Colorado School of Mines has been awarded a $1.75 million grant to study what makes some metals strong, others flexible and still others lightweight.
The five-year grant from the Office of Naval Research will be used to develop software that researchers can use to custom-make the metal alloys in bridges as well as the cars that cross them.
Scientists understand why big structures such as steel cables are strong enough to hold up a bridge, said chemistry professor Mark Eberhart, who is leading research under the grant. But they don’t know why little structures of electrons are strong enough to hold together the steel.
“It’s like we’re looking at thousands and thousands of bridges and we don’t know why they stay up,” Eberhart said.
Until recently, he said, scientists merely stumbled across strong, flexible, lightweight, cheap or heat-resistant materials by chance in their labs. Eberhart and fellow researchers are trying to figure out how patterns of tightly and not-so-tightly packed electrons change properties in materials such as steel.
This is called “charge density.”
In particular, Ebert is trying to find imperfections, he said, such as which charge densities make certain steel alloys too brittle when they’re meant to be more flexible. That’s what sunk the Titanic.
Lots of industries could do without these so-called impurities, Eberhart said: Automakers want better aluminum in their cars, as do aerospace engineers in their rockets.
Steel companies certainly don’t want another Titanic.
The dream is to know how densely to pack the electrons if you want a material to be strong, electricity-conducting or flexible, Eberhart said. “If you were successful at doing that, it would transform the world.”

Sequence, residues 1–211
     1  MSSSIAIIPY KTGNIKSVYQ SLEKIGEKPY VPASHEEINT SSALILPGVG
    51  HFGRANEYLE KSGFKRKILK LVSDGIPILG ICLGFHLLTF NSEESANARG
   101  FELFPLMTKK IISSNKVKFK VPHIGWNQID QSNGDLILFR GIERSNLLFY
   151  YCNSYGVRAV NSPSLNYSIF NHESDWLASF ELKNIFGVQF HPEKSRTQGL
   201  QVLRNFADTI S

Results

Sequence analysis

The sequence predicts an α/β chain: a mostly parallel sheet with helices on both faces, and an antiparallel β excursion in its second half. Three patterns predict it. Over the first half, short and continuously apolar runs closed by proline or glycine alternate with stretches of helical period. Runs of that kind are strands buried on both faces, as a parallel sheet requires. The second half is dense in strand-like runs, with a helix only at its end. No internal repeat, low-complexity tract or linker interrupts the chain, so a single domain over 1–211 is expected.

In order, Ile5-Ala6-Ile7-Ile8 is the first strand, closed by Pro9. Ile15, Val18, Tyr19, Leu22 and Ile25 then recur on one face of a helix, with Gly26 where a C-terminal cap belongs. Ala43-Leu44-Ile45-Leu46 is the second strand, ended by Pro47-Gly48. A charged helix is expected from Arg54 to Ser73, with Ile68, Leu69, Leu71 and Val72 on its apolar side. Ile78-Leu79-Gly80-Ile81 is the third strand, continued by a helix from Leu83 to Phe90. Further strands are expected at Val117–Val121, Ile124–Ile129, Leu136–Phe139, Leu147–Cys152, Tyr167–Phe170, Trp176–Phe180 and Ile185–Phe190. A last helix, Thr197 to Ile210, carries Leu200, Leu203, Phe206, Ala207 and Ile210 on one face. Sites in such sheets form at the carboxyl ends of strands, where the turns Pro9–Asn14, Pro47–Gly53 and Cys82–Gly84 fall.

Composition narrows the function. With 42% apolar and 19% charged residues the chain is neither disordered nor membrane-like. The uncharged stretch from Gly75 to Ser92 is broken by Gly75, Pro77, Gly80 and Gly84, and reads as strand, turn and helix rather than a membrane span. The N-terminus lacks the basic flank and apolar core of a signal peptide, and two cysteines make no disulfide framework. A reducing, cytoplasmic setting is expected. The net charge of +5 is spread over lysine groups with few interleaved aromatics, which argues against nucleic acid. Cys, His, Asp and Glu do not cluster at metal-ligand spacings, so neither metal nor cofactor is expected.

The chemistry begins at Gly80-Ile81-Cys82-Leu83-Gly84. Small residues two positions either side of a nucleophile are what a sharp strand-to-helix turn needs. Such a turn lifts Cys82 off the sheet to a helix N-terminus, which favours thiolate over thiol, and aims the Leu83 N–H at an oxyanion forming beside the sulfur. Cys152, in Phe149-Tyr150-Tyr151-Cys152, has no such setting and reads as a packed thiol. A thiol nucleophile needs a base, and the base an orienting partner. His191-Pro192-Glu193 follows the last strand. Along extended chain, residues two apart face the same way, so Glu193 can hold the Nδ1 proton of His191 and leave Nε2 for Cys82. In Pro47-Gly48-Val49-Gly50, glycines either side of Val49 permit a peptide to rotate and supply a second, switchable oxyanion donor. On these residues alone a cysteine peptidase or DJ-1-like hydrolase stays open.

Instead of mixing chemicals using trial-and-error in a lab, Eberhart’s team uses software to try to identify which charge densities will create which properties.
Eberhart already has the proper software at Mines, but it’s hard to use. The grant will let him make a version that he hopes will find a home in the offices of big corporations, too.
In the next five years, Eberhart and five students will be working with TecPlot, a Washington-based software developer, to make a prototype they hope corporations, such as big steel manufacturers, will buy and adapt to their needs.
Of the grant money, about $100,000 a year for the next three years will go to TecPlot, Eberhart said.
Between 40 and 50 companies fund material researchers through two centers at Mines, Eberhart said. Only a few, he added, might step up to continue developing the software after the grant period ends.